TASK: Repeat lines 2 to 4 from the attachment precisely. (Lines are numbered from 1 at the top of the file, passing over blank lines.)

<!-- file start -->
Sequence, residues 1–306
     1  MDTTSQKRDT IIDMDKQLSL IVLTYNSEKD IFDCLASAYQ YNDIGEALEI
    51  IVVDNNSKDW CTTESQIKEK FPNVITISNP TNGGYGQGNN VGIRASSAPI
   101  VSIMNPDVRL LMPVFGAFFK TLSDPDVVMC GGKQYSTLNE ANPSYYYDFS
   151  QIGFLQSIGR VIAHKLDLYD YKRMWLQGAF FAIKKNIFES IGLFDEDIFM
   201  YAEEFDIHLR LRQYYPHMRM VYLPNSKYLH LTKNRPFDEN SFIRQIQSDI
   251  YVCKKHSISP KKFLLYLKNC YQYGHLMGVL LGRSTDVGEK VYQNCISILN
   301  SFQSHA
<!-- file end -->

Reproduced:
     1  MDTTSQKRDT IIDMDKQLSL IVLTYNSEKD IFDCLASAYQ YNDIGEALEI
    51  IVVDNNSKDW CTTESQIKEK FPNVITISNP TNGGYGQGNN VGIRASSAPI
   101  VSIMNPDVRL LMPVFGAFFK TLSDPDVVMC GGKQYSTLNE ANPSYYYDFS